How are alcoholic relapses managed?

Updated: Nov 27, 2018
  • Author: Warren Thompson, MD, FACP; Chief Editor: Glen L Xiong, MD  more...
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Answer

If the patient has a relapse, find out what happened (make a diagnosis) in order to formulate a new treatment plan. Below is an outline for dealing with relapses. Insist that the patient be actively involved in devising solutions; do not attempt to solve the problem for the patient.

Make a diagnosis.

  • How long had the patient been sober before relapse?

  • What were the circumstances of the relapse?

  • What was (were) the triggering event(s)?

  • How does the patient feel about the relapse?

  • What social support systems are available to the patient?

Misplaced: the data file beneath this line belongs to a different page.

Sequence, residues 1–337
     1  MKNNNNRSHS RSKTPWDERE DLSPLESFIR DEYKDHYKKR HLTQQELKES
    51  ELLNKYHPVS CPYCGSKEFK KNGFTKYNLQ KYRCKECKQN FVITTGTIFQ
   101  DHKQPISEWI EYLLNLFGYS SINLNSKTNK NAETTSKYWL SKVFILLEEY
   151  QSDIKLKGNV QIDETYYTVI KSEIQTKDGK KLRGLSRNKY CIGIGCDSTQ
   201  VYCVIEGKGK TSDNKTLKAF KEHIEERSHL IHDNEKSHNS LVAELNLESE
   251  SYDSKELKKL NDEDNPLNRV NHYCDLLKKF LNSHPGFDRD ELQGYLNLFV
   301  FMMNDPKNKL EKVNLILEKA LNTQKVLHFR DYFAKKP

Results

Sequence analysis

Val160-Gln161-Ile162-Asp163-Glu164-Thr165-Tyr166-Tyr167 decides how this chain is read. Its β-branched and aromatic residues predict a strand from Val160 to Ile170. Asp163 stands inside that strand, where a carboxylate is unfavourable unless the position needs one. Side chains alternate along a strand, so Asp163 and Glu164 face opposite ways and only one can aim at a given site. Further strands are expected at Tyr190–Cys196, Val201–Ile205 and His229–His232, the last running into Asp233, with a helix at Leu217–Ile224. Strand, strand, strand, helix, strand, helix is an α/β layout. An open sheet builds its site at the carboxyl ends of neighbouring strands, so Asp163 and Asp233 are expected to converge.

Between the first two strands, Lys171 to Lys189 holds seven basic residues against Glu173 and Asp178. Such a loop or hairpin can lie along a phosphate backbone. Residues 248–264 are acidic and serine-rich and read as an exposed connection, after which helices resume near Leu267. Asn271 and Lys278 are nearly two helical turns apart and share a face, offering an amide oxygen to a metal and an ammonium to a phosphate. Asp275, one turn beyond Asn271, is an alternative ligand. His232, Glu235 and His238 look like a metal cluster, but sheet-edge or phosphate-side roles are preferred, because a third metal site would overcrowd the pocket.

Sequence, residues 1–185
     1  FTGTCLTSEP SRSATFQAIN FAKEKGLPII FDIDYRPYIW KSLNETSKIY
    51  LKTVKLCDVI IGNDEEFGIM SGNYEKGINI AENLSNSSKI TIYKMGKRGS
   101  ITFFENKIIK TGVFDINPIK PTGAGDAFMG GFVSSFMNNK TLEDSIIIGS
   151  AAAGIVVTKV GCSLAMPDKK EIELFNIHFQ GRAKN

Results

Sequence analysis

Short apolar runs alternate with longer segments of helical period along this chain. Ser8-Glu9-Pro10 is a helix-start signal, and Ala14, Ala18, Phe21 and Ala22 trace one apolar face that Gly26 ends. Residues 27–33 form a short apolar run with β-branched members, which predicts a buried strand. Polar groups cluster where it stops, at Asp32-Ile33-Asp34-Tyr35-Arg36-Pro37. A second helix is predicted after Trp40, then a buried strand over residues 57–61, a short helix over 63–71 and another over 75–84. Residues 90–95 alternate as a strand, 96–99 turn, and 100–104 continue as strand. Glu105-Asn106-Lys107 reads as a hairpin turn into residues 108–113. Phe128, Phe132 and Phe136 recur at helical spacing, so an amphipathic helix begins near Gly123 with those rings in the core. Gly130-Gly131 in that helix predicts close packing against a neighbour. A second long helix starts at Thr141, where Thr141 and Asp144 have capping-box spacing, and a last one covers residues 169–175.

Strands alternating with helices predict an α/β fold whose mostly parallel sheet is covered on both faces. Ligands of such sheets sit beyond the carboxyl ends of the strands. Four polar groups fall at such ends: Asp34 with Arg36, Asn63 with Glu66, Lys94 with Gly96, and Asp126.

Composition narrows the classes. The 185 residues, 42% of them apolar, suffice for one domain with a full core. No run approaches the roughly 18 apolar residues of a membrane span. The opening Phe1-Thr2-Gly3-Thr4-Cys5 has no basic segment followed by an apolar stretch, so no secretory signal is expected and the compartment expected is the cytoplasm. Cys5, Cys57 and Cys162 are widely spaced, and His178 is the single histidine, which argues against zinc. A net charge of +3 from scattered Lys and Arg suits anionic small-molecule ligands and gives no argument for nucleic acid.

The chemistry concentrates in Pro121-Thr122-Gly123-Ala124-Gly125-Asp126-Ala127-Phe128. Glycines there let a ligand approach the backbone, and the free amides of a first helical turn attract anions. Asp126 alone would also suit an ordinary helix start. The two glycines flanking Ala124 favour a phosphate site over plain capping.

• Does the patient believe that he or she can quit again?

Institute a treatment plan.

  • Determine what the patient thinks is appropriate treatment.

  • Reinforce the patient's decision to seek help.

  • Emphasize that complete abstinence is the only solution.

  • Reframe the relapse as a learning opportunity.

  • Provide support and empathy. For example, reassure the patient with encouragement such as "We can do this together."

  • Have the patient come up with ways to avoid the triggering event or find alternative ways to deal with it.

  • Rehearse what to do in high-risk situations, including making use of the patient's social support system.


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